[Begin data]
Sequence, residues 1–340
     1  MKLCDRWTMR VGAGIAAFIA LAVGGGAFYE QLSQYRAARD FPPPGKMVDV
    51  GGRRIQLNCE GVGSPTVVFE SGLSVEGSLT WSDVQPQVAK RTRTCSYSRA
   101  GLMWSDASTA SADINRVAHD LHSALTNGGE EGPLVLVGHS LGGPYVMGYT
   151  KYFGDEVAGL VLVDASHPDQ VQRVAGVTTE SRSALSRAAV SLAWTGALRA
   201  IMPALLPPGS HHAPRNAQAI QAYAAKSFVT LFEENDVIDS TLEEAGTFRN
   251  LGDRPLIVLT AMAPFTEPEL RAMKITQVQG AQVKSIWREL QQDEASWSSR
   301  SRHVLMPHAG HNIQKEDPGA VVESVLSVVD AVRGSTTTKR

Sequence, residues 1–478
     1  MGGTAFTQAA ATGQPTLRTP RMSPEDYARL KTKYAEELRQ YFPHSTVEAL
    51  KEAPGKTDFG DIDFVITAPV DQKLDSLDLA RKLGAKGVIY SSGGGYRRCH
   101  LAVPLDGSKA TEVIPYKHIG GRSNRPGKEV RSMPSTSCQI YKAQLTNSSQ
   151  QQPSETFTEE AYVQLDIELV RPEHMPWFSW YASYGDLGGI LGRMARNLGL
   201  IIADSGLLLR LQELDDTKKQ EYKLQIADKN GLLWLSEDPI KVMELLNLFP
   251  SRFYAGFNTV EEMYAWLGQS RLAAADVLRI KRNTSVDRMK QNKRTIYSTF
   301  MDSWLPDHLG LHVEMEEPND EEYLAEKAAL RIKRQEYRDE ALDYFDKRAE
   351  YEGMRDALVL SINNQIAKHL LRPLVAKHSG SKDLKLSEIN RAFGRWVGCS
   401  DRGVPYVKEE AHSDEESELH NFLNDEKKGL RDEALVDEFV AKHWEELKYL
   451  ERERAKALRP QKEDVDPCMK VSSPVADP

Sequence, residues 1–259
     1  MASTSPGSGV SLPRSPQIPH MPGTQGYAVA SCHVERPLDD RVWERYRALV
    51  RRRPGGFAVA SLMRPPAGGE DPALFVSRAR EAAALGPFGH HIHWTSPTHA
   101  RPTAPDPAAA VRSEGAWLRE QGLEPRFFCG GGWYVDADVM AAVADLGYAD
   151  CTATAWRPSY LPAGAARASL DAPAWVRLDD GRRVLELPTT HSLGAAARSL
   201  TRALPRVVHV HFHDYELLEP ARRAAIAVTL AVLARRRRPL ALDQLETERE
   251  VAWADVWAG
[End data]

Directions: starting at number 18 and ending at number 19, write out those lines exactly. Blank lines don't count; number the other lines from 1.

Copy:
   401  DRGVPYVKEE AHSDEESELH NFLNDEKKGL RDEALVDEFV AKHWEELKYL
   451  ERERAKALRP QKEDVDPCMK VSSPVADP